terça-feira, 17 de agosto de 2010

Why a Stabilisation Force?

Artigo de David Zounmenou, senior researcher, African Conflict Prevention Programme (ISS Pretoria), publicado a 10 de Agosto.

"It is a well-known historical fact that the army remains the most important factor of instability in Guinea Bissau, using violence with ease to effect control over other branches of the state for its own sake. It is the same old guerrilla force that fought the Portuguese colonial power since the 1950s under the leadership of Amical Cabral that constitutes the bulk of the armed forces, ill-disciplined and without any socio-economic survival alternative. While a number of reforms have been initiated, none has so far produced the expected outcomes. Bearing this in mind, one could argue that although the president of Guinea Bissau had strategic considerations in nominating the new chief of the army, that is to gain control of the army in order to reinforce his authority, his appreciation of the situation failed to anticipate the reaction of the international community. In fact, it clearly appears that the president does not have the necessary leverage to impose his authority on the army and the country. For, if he was not able to allow Indjai to take over from Zamora forcefully as the new army chief of staff, it is highly likely that Indjai's next move could be to depose him if not to physically eliminate him.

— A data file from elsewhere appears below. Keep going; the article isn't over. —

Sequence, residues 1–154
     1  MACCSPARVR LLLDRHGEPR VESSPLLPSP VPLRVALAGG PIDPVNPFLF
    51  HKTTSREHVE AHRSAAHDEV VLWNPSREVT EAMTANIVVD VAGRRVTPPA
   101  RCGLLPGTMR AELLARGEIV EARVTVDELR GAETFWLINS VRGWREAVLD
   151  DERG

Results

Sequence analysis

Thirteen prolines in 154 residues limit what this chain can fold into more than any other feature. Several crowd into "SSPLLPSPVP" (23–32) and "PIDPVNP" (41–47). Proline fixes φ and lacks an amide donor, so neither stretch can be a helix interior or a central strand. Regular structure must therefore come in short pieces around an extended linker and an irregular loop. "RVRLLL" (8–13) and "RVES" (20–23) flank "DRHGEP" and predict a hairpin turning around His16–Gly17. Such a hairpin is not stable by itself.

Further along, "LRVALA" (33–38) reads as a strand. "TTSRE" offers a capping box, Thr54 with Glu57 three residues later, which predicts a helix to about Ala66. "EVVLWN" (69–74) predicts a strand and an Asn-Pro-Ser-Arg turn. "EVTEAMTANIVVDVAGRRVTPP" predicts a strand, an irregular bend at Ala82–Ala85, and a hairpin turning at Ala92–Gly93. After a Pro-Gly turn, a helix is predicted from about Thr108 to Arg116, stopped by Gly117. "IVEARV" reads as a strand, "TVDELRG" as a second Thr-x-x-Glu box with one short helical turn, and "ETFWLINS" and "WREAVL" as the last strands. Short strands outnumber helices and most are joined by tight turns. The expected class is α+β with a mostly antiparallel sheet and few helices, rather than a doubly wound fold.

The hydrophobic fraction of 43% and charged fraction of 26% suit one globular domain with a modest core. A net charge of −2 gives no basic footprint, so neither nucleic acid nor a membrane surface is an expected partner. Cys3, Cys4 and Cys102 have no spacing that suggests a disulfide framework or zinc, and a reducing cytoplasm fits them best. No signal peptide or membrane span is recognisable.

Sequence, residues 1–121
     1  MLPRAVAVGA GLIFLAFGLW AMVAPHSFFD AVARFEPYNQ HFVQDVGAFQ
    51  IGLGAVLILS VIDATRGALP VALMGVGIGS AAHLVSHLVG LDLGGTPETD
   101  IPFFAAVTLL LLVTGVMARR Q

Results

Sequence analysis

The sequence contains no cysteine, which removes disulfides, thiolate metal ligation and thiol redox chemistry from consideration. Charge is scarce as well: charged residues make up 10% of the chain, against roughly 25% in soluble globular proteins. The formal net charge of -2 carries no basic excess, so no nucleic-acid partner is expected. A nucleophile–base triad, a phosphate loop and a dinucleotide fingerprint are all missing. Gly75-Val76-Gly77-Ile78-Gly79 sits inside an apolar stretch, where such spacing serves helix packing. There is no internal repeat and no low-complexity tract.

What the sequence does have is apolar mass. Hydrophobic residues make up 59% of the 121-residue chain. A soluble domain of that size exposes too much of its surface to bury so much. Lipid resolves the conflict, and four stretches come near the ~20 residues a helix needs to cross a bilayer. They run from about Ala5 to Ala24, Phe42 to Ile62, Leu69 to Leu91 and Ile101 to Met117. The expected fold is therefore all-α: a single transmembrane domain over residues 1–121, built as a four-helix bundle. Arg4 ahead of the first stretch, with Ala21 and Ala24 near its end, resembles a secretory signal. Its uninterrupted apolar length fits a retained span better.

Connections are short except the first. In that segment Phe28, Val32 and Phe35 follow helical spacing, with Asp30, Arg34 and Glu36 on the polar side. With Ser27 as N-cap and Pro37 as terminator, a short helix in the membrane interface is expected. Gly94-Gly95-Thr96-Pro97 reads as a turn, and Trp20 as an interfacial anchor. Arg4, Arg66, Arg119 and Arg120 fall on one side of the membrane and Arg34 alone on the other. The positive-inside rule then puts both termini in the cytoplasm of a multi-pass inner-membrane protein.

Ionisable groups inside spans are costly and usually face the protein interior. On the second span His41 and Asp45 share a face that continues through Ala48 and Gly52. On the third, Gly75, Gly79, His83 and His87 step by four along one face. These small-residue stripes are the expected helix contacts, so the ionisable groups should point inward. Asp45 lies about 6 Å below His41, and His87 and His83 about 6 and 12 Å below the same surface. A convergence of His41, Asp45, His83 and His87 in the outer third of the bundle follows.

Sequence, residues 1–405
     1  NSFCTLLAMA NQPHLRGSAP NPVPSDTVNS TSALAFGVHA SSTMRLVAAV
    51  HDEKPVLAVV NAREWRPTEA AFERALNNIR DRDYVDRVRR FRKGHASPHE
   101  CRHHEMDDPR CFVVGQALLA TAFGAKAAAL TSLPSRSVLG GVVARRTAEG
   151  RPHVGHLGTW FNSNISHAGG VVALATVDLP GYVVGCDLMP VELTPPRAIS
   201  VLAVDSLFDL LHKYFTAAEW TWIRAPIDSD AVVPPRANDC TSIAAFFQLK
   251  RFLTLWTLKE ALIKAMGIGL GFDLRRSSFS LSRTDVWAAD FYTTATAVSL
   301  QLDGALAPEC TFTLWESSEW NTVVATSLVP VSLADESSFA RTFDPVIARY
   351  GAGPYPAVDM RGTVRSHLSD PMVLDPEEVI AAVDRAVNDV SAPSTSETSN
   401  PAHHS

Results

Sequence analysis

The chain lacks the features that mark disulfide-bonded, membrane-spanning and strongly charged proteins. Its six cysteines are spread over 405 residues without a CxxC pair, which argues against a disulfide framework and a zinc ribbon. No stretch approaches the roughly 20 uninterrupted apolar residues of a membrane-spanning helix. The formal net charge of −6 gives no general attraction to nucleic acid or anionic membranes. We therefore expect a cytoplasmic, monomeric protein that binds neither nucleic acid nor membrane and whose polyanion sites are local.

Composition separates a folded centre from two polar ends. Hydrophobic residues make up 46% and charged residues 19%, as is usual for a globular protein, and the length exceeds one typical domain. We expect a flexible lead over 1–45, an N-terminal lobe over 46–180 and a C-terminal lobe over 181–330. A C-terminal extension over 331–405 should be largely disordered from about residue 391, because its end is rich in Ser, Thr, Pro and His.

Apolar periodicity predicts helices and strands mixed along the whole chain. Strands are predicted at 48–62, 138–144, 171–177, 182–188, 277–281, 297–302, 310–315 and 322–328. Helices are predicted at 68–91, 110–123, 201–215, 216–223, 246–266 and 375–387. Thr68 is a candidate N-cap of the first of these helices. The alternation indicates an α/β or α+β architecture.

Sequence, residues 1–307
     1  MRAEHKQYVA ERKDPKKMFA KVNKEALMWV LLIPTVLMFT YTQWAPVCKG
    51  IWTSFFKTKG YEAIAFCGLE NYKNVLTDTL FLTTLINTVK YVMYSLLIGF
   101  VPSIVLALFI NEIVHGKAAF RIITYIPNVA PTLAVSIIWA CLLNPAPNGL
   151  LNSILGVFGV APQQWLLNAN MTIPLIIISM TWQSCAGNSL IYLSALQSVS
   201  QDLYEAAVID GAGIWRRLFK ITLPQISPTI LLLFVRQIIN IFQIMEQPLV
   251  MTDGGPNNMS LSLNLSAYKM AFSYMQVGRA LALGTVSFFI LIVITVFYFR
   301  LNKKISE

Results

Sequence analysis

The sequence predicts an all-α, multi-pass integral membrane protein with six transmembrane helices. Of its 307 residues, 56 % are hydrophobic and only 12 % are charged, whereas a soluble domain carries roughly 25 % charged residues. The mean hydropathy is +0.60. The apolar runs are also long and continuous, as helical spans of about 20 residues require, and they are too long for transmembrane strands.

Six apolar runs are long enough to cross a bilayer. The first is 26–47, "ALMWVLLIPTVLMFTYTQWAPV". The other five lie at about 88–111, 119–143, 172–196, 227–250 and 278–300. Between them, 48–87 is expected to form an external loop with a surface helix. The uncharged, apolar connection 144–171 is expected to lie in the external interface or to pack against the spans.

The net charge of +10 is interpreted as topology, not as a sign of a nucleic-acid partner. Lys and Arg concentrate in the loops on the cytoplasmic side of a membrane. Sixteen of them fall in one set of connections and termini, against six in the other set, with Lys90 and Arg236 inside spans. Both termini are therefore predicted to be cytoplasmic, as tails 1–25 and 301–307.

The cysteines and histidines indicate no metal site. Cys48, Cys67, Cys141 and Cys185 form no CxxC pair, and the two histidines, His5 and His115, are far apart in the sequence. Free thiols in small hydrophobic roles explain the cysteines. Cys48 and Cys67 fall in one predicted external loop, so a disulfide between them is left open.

This background is necessary in understanding the context in which President Sanha calls for help. President Malam Bacai Sanha found himself locked in a power game, which keeps the country and the reform process hostage. His call for the stabilization force acknowledges that the balance of power is not in his favour and this could be an impediment to the successful post-conflict reconstruction in spite of all his good political will. Perhaps, rather than pointing at the failure of the political and the military elite, or his inability to rule the country, this call should be taken seriously, its contours clearly defined, the mandate specifically crafted and the timeframe strategically assigned. The army has agreed to welcome that force provided that it is approved by parliament and that sufficient details are given to the military hierarchy on its structure and mandate. However, this stabilisation force will be useless if it is not incorporated in a revised and adapted post-conflict reconstruction programme that creates the framework for the development of an effective state administrative capacity, a coherent socio-economic plan and an incentive for security sector reform. One of the contentious issues with regard to the latter is the absence of a plan to resolve the perennial problem of war veterans. The authorities in Guinea Bissau have identified nearly 6,000 military veterans, according to a recent census as part of a push for security reforms aimed at ending a cycle of coups by an overly-powerful army. According to the Defense Minister, Aristides Ocante Da Silva, the census will allow the country to have a reliable database to better manage the conditions of war veterans. Better conditions, it is hoped, will encourage veterans and older servicemen to leave the army, which many are reluctant to do, and help the country to meet its demobilisation targets. The goal is to reduce the size of armed forces from almost 4500 to 3440 men to be in conformity with the number set by donors (nota minha: para ser mais correcto o número não é determinado pelos doadores mas antes pelas próprias autoridades da Guiné-Bissau conforme Documento de Estratégias Nacional aprovado na Assembleia Nacional Popular em Janeiro de 2008) in the context of reforms of the armed forces."

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